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March 26, 1986 - Image 4

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The Michigan Daily, 1986-03-26

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0

OPINION

Page 4

Wednesday, March 26, 1986

The Michigan Daily

Wasserman

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Edited and managed by students at The University of Michigan

WE~ CNT PAY YoU "Tr.SAIDASAN
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"tM1T WOULD TE' \BWN 'T"S
WoRKYNG'S or- *-MS MA2KIET

Vol. XCVI, No. 119

420 Maynard St.
Ann Arbor, MI 48109

Unsigned editorials represent a majority of the Daily's Editorial Board

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Closed doors

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T HE Detroit Athletic Club
(DAC) recently decided to con-
tinue barring women from mem-
bership. This decision has caused
Michigan Consolidated Gas Com-
pany and Detroit Edison to discon-
tinue company-paid membership
in the DAC for 21 executives. Such
a decision should be commended,
for it has sparked the DAC to
reconsider membership for
women, and has encouraged the
Detroit City Council to review the
legality of sex discriminating clubs
Far too often, however
discriminatory policies of clubs
and organizations are never suc-.
cessfully challenged. Rotary Inter-
national, an all-male service-club
for businessmen and professionals
has recently rejected female
membership for the fifth time. But
Rotary is just one of many all-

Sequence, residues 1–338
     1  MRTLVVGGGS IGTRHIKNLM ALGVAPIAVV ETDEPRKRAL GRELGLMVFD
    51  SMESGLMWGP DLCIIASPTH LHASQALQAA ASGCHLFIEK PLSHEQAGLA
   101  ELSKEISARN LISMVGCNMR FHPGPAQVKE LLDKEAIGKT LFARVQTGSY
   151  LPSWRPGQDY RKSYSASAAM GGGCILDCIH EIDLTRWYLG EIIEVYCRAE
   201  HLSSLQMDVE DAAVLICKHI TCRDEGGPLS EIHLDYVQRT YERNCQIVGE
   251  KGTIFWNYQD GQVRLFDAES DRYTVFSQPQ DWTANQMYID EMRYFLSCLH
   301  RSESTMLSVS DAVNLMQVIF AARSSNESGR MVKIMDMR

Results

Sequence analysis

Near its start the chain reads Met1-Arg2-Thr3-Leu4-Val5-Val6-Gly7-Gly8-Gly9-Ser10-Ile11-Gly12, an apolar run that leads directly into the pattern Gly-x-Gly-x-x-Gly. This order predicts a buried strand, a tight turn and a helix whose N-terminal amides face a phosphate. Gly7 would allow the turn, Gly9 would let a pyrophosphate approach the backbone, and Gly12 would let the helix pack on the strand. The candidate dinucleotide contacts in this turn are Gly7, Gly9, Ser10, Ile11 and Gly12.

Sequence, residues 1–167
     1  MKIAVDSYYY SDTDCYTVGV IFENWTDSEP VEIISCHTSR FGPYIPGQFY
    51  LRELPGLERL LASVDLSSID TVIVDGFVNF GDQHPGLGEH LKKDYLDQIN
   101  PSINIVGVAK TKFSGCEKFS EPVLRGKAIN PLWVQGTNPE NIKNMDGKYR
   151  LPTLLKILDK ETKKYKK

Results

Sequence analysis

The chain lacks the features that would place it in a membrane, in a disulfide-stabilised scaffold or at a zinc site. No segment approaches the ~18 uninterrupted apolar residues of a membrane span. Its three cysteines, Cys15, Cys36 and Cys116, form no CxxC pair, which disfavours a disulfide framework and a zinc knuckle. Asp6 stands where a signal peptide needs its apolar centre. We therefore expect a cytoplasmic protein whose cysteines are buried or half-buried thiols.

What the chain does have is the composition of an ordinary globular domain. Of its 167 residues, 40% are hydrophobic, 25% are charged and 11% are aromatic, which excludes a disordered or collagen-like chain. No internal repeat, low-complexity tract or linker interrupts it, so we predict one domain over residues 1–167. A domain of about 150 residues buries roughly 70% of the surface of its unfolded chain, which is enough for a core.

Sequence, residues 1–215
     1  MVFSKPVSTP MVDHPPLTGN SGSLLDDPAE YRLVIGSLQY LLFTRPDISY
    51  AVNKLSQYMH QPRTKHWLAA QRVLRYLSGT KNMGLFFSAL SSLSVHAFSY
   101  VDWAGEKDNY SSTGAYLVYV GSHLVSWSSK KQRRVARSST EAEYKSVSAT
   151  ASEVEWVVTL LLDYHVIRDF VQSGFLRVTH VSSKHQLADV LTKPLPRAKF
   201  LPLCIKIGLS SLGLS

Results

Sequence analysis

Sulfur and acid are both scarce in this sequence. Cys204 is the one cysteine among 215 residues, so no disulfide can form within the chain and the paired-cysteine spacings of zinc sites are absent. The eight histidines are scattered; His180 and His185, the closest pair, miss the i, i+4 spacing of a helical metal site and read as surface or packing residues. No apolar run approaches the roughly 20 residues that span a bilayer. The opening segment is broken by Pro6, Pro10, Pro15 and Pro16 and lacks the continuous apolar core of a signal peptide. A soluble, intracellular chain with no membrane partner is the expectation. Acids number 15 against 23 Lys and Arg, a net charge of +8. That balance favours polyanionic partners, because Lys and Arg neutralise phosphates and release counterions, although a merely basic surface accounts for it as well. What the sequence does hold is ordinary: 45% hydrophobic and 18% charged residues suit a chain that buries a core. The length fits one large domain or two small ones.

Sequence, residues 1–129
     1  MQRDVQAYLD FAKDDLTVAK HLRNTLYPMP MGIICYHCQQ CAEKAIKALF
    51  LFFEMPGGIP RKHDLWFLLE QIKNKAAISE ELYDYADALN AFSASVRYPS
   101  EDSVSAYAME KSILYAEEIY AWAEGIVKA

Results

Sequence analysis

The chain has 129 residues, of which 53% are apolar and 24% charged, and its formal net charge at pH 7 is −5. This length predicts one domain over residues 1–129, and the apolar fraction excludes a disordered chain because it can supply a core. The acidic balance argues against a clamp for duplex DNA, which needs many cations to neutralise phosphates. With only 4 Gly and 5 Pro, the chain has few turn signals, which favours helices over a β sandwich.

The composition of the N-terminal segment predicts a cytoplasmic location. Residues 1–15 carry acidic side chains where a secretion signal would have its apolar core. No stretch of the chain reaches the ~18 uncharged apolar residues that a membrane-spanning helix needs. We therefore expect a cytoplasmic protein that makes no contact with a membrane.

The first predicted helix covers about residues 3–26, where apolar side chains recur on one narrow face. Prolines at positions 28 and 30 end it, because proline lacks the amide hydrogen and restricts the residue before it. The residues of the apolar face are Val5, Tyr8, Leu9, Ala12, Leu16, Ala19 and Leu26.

male organizations that refuses to
recognize women as deserving of
membership.
A spokesman for Rotary Inter-
national justified the decision to
prohibit women, by claiming a
need to preserve the tradition of the
club's male character, as well as a
desire to be sensitive to those coun-
tries where "things are more
traditional."
Such disregard for the status of
women in the business world is ap-
palling, and can be interpreted as
an attempt by the male members
to undermine women's progress.
According to new statistics, women

now hold a slightly higher number
of professional positions than men,
in various fields-a trend that
should be reflected in business
clubs as well.
Single sex clubs are completely
legitimate if they exist to serve
gender-based interests and needs.
But business and athletics are no
longer solely the interests of men.
A service club such as Rotary
exists to unify business people and
professionals of "good character
and reputation" and can provide
members with valuable social in-
teraction-a possible boon for
business. Female professionals, by
being excluded from such interac-
tion could be handicapped in their
business communities.
These policies, however, are in-
dicative of a larger double stan-
dard. Women are expected and en-
couraged to strive for success and
-equal the performances of their
male counterparts in all fields--but
are at the same time denied equal
pay despite their achievements.
Maintaining all-male business
clubs is only an extension of this
hypocrisy.
Clubs such as Rotary, which still
adhere to politics established at the
club's inception in 1904, need to
recognize their out-dated criteria
for membership. Condemnation of
the DAC's policy was an ap-
propriate response to an old-
fashioned and discriminating at-
titude, and should serve to en-
courage further evaluation of a few